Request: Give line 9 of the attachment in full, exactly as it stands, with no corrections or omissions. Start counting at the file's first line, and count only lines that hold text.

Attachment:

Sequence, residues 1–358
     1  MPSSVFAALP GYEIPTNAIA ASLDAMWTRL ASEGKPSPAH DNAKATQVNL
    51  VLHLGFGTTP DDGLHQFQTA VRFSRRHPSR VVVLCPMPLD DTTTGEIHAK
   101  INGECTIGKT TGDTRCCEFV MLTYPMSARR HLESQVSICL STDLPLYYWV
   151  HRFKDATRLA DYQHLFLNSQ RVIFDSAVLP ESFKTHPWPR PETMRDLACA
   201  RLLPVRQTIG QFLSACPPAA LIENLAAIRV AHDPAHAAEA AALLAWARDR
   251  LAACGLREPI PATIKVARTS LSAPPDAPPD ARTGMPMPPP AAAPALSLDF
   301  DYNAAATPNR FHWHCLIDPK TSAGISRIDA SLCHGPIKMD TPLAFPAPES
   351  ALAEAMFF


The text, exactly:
   351  ALAEAMFF